I speak for George Myrum whose life, along with two of his players, came to a tragic end in a team bus accident on the return from an away football game. It was his vision, his dreams and his efforts that led to the creation of this stadium he sadly never saw finished.
I speak for the men, veterans most, who actually lived inside this stadium structure undoubtedly the cheapest housing ever offered here on campus.
I am the voice of the 28 All Americans who earned those honors here on this much loved ground.
I speak for the 21 championship teams who here left their thumbprint on the pages of our athletic history.
I speak for teammate, Cal Roberts, whose picture, biography and accomplishments are now a part of history in the College Football Hall of Fame in South Bend, Indiana, the first Division III football player ever inducted. Our Gustie flag flies there today.
I speak for the man who personally cut, hauled and laid this sod, watered it, nurtured it and cherished it, our mentor, our coach, our friend Lloyd “Holly” Hollingsworth. He now sleeps just over the hill to our south.
I speak for all our head coaches, who for the past 77 years led their Golden Gustie teams to battle right here on this storied field. They are George Myrum, Tuddie Lindenberg, Howie Nelson, John Ronning, Lloyd “Holly” Hollingsworth, Lee Krough, Don Roberts, Jocko Nelson, Denny Raarup, Steve Byrne and Jay Schoenebeck.
I speak for the hundreds of young men whose path to manhood was in part paved with the lessons learned here on this turf, lessons learned through the joy of victory, through the crush of defeat, through hard work, and team work, the satisfaction of a job well done and the reality of sometimes failing to live up to one’s own expectations.
I speak for the cherished friendships, life-long friendships built here, nurtured here and to this day held close to our hearts.
I speak for Willie Lindquist who on so many golden autumn days lined this field with love, with pride, with unerring accuracy then crowned it with the distinctive Gustie helmet on the 50 yard line.
I speak for the best grounds crew in the country; our loyal and faithful Gustie crew who adopted this field and treated it as if it were their own.
I speak for the Gustie chain gang whose 150 cumulative years of service is living proof that old is good.
Today I am the clear voice of the thousands of Gustie graduates who sat here on this turf, in this stadium on those warm May afternoons, walked forward to the podium, as they accepted their diplomas and from this ground took the next big step in their life journeys.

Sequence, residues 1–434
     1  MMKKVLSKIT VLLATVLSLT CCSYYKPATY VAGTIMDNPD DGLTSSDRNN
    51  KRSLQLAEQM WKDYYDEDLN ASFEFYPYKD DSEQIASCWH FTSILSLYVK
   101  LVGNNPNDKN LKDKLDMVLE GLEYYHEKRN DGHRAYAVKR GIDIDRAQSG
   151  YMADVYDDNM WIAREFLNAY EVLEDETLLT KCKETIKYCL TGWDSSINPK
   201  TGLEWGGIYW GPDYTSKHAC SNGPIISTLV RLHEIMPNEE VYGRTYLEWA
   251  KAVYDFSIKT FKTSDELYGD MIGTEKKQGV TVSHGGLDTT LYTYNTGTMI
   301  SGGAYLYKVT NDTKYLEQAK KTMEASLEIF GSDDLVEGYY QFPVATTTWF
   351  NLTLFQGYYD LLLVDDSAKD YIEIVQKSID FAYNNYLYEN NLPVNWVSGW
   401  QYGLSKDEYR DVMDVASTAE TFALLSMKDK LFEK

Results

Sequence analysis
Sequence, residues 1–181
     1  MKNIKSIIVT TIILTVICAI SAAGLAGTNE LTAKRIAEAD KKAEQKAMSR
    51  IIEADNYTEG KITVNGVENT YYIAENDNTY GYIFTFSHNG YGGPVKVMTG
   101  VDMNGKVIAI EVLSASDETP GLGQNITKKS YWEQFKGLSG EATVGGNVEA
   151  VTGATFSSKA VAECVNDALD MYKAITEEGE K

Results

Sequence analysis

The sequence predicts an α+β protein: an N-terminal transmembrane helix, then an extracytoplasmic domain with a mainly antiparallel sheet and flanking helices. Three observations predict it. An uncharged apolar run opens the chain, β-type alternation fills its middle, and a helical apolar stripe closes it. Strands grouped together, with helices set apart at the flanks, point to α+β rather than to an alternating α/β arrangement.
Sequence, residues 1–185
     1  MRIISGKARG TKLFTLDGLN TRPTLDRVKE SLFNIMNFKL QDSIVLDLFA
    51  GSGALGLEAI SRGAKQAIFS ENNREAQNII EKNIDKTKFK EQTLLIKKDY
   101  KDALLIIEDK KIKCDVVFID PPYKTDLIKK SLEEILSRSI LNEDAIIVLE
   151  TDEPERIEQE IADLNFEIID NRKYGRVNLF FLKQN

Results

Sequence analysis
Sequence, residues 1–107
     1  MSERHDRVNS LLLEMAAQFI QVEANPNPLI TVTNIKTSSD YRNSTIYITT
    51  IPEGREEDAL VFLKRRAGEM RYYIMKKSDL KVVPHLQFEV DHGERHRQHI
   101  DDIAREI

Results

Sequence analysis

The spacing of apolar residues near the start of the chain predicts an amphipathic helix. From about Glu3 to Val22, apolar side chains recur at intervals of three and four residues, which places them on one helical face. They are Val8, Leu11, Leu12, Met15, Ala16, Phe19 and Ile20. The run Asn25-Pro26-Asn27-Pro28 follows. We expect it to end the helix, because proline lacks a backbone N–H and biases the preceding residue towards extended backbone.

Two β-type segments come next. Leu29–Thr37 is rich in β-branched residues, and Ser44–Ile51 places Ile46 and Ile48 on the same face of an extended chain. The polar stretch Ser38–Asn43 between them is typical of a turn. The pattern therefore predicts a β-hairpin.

I speak for this small college, who loved us, cared about us, educated us, and provided us a wonderful opportunity to play the game we loved then sent us on our way, safe in the knowledge of God’s redeeming grace.
I am proud to be a Gustie, a Gustie coach, a Gustie gridder, a linebacker, a full back. I am proud to have worn the black and gold and I am proud to know that my college cares enough about this game we love to reinvest their resources and their trust in building a new place for the next generations of Gustie footballers to take on the welcome and always daunting task of beginning the next Golden Gustie era.
That was terrific.
This is the place in the letter where I usually pitch for contributions for the Alumni Fund. This should be a good year to ask for contributions because your investments should have done well this year, unless you had them all invested in housing. In which case, I’m sorry.
As you know, what is most important is that you contribute something so that our percentage of contributors ranks high. That is what impresses foundations who study alumni support when thinking about grants. It also gives Marv Larson and me bragging rights when we meet fellow class agents and the topic turns to percent of giving.
Look for those golden envelopes when they arrive in the mail which you can send in a check and add some news for the class letter. Or, Google in Gustavus, go to the College web page, click on “giving” and you can contribute on line.
In 2006, our class had the third highest percentage of giving in our decade group (1946-1955). We scored 66.5%. Pretty remarkable. Only the class of 1950 with 70.2% and the class of 1951 with 67.2% were higher. Certainly we can catch them this year.
Your trusty class agents;
Marv Larson and Tom Boman
1953 Class Agents
Alumni Starring in The Cherry Orchard